Bill Foster

During the election campaign, Republicans ridiculed your science background. Is being a physicist a political asset or liability?

It certainly has been an asset so far. The times that this country gets itself into trouble, particularly of late, are often times when we ignore demonstrable facts. Iraq comes immediately to mind. And I think people understand that Washington would work better if we had less ideology-based discussion and more discussion where the starting points were the facts. And that’s the natural stance of the scientist.

Your campaign was more about Iraq and economics than energy and climate science. Do scientists overestimate how important their projects and issues are with the public?

No, I think the public understand the value of science. They just aren’t always willing to pay for it right away. The structural problem that science, particularly basic research, has in a democracy, is that it doesn’t provide benefits that are visible in the next election. The benefits come 10, 20, 40 years downstream. And so, at least in this country, the politicians tend to systematically neglect basic research the same way they systematically under-invest in education.

Where will your technological knowledge be useful?

Essentially every issue you can name has a technological edge to it, whether you’re talking about electronic border fences for immigration, almost anything with armed services — and so on down the list. So there’s a benefit to having a scientist many places in Congress, and not just on the pure science-policy side.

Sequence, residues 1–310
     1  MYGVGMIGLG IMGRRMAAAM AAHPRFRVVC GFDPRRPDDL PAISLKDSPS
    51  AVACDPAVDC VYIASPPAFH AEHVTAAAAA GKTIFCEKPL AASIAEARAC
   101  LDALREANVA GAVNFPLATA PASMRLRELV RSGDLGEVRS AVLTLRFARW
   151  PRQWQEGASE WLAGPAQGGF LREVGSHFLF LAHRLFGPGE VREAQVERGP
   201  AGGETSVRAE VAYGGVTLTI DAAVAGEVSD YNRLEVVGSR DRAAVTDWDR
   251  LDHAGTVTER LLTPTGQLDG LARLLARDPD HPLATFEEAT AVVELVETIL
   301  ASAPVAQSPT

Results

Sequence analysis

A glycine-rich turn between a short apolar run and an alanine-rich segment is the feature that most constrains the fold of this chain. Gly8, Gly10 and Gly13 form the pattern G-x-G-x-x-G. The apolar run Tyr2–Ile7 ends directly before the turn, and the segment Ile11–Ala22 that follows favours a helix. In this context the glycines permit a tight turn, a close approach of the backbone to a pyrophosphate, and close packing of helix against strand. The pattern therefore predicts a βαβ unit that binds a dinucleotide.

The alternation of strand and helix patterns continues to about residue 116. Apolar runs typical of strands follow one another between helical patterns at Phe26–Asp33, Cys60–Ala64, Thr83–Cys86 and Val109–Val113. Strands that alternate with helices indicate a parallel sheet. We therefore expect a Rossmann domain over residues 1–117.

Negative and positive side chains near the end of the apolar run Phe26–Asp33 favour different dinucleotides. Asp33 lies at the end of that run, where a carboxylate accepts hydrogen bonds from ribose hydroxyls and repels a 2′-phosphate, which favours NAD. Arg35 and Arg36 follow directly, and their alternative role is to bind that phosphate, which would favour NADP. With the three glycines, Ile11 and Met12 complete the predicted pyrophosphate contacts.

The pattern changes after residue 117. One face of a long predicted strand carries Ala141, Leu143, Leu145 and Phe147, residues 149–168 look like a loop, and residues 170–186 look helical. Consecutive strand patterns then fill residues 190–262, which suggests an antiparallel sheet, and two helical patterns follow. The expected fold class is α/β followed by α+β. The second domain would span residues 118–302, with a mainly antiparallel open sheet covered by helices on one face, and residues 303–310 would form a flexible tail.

Fermilab is a major source of jobs in your district and was protected by your Republican predecessor, retired House Speaker Dennis Hastert. Now the lab is experiencing lay-offs, how can you help it?

The spot to fix the problem will be on the appropriations committee — which you also don’t get on as a freshman. I’m relying on the fact that a scientific voice in Congress, and one speaking for the interests of his constituents, is one that is listened to by the leadership.

How do you rate the chances of high-energy physics (HEP) securing supplemental funding this year?

Some mid-year funding relief, through a supplemental appropriation or an attachment to some bill, is one of the avenues we’re looking at. My suspicion is it will have happened, or not, by the end of the summer. I’ve been told by everyone that it will be extremely tough. On the other hand, I like tough challenges.

Your political future may lie in reinvigorating science at Fermilab. What could be done there if the International Linear Collider continues to have technical or political problems?

Fermilab has never had a problem coming up with good ideas for future projects. I was very encouraged to see the flowering of new ideas that is happening there. Most are smaller, intermediate-scale projects that can happen on a faster time scale. I certainly sense a shift in the general opinion of the HEP community that we would do well to no longer put all our eggs in one basket.

You are now one of three PhD physicists in the House, joining Vernon Ehlers (Republican, Michigan) and Rush Holt (Democrat, New Jersey). Are you going to start a new physicist caucus?

I’m stealing Rush’s joke — because he congratulated me by telling me how excited he was that we now had a Democratic majority in the physics caucus. However, we’ve discovered we have to be very careful of sitting together, the three of us, because people start referring to it as the nerds’ table.

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